To the editor:

Many people, like myself, love the outdoors - hunting, fishing, hiking and the like. However, we know that nature, for all its beauty, harbors life-threatening dangers. Here in Indiana, we have a relatively new danger that our people need to know about.

Six years ago, I began having unexplained health problems. Over time, those health problems grew both in scope and severity until I became totally disabled with severe cardiologic, neurologic, endocrinology, and respiratory symptoms. Later, my joints became inflamed and swollen.

The previous year, I was able to hike many miles at a time on the Knobstone Trail, but by June of 2013, I couldn't walk 50 yards before my heart became wildly erratic, I was terribly short of breath, my vision was distorted, ears would ring intensely, I would black out and become acutely and chronically fatigued.

Gratefully, I have a family doctor who listened and persistently looked for answers even after specialists said things like, "You have all the symptoms of MS, but all of your tests are negative." In time, it was discovered that I have late-stage or late-disseminated Lyme disease.

There is no doubt whatsoever, verifiable by an Indiana Academy of Sciences study, that we have deer ticks that carry the Lyme bacteria present in nearly every county in Indiana, including the southern counties. Lyme disease, potentially life threatening, is the fastest growing infectious disease in America.

Last summer, the CDC acknowledged that its longstanding estimate of 30,000 new cases a year was grossly lacking. Their new estimate is that there are at least 300,000 new cases in the U.S. every year. It's critical to be aware that this growing disease includes Indiana.

Here are precautions one should be aware of:

• When walking in wooded or grassy areas, wear shoes, long pants tucked into your socks, a long-sleeved shirt, a hat and gloves. Try to stick to trails.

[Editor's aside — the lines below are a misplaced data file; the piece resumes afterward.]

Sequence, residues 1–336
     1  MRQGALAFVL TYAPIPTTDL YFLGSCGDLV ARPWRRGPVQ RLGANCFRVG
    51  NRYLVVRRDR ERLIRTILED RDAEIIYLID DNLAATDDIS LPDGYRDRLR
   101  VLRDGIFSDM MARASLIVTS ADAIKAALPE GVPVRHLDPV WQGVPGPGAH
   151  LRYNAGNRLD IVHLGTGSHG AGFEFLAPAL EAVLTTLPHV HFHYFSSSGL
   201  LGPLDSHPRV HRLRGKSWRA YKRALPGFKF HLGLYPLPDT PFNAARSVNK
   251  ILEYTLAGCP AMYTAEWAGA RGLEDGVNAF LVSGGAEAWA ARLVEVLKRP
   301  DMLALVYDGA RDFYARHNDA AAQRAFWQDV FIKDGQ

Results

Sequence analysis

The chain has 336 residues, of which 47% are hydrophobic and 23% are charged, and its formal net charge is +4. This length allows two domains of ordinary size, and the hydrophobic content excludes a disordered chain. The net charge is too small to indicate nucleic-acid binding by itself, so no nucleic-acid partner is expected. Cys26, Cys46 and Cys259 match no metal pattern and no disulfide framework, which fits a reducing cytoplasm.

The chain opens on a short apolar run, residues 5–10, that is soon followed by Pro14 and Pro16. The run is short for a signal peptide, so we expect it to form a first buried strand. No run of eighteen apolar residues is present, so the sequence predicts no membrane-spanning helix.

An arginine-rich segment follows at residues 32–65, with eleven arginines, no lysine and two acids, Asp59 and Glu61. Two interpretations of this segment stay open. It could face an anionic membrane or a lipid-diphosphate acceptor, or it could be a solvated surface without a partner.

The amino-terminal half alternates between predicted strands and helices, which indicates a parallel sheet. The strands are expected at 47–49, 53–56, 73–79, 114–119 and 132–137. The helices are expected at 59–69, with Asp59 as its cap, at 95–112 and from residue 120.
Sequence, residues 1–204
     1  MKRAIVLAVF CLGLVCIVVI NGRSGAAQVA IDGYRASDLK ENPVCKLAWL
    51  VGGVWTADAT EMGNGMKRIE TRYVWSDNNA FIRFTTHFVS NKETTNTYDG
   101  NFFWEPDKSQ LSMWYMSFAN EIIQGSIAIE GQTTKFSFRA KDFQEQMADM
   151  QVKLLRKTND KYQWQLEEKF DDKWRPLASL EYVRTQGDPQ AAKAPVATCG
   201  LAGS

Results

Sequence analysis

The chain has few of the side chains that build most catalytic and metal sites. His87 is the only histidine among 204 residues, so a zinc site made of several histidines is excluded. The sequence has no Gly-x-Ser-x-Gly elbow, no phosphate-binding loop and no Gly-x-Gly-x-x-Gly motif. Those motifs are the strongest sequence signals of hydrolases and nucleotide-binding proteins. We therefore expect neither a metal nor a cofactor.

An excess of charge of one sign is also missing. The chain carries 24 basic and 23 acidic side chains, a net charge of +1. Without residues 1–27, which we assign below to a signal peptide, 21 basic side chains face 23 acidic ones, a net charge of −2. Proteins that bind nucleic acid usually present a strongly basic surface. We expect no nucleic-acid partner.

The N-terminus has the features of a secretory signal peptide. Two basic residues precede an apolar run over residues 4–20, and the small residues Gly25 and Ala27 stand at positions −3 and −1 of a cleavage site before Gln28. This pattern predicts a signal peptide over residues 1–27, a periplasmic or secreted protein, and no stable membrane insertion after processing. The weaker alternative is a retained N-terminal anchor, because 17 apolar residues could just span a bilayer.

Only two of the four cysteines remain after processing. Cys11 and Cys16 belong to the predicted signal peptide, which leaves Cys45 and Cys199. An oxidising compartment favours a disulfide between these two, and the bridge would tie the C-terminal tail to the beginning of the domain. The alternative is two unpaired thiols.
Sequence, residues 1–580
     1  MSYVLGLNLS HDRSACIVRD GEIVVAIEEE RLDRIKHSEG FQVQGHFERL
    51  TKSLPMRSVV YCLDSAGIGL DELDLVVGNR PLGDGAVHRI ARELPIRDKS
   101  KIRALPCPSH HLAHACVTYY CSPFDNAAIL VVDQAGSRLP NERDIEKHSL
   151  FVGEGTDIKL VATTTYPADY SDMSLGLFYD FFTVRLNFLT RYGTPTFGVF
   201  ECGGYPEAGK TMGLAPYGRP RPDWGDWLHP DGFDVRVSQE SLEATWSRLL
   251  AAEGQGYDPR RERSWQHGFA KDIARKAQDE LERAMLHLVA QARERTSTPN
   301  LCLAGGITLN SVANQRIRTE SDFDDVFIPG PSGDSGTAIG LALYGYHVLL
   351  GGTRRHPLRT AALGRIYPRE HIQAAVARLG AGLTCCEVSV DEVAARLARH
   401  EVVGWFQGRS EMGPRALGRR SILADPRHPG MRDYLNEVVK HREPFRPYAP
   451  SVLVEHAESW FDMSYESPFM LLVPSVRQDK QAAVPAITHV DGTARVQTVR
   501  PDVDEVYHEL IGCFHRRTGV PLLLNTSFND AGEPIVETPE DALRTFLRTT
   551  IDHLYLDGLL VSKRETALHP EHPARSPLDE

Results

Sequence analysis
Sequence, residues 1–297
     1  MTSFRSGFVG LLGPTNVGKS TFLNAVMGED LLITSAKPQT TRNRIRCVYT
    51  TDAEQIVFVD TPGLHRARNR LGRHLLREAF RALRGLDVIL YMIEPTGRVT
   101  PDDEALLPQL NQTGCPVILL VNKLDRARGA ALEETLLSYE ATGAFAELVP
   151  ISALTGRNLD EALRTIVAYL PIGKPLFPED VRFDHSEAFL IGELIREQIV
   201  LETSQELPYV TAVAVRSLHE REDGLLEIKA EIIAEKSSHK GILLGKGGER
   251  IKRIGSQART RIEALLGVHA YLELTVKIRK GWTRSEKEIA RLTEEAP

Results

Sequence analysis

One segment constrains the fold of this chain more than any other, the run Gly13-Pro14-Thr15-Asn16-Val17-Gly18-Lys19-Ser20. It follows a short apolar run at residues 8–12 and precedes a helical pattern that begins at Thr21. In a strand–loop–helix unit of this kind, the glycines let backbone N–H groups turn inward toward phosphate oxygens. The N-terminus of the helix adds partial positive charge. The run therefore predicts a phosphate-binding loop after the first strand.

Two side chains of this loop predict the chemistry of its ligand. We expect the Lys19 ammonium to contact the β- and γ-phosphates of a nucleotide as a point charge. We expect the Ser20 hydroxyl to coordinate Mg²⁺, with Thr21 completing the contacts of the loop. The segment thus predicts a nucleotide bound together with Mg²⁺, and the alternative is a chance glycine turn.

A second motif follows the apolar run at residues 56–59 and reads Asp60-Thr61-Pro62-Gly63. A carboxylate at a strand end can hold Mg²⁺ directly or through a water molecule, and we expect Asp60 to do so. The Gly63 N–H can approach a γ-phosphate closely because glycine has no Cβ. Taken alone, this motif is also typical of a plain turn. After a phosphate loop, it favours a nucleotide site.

• Apply an insect repellent with a 20 percent or higher concentration of DEET to your skin and a apply product, like Repel, with permethrin to clothing or buy pretreated clothing.

• Check yourself, your children and your pets for ticks. Be especially vigilant after spending time in wooded or grassy areas. Deer ticks are often no bigger than the head of a pin, so you may not discover them unless you search carefully. It's helpful to shower as soon as you come indoors. Ticks often remain on your skin for hours before attaching themselves. Showering and using a washcloth may be enough to remove any unattached ticks.

• Don't assume you're immune. Even if you've had Lyme disease before, you can get it again.

• Remove a tick as soon as possible with tweezers. Gently grasp the tick near its head or mouth. Don't squeeze or crush the tick, but pull carefully and steadily. Once you've removed the entire tick, dispose of it and apply antiseptic to the bite area.

• If you should develop a bull's eye rash, see a doctor immediately! The earlier antibiotic treatment is begun, the better and quicker the recovery. Be aware, though, that not everyone who has been infected with the Lyme bacteria develops a rash. Symptoms may not appear for some time and may be intermittent and mimic other illnesses, so please be aware that you may need to take the lead on pursuing the possibility of Lyme disease. Your search will likely be complicated by the fact that there are notably divergent thoughts among reputable medical institutions about the diagnosis and treatment of Lyme. That discussion would take pages.

One point worth noting, and verified by Columbia University, is that Lyme disease is tissue tropic. In other words, it is only in the blood stream or body fluids for a relatively short time. The problem here is that all of our best diagnostic tests, which are not terribly reliable to begin with, are drawn on body fluids. Once the Lyme bacteria moves into body tissue, the symptoms begin to become more severe and there is no reliable test to confirm the disease. Therefore, a patient will likely go through an extensive period of multiple and varied tests to rule our other sources of their severe illness.

Prevention is critical. Please be mindful of the threat and of the steps that can be taken to avoid the fastest growing infectious disease in America.

Brian Lowry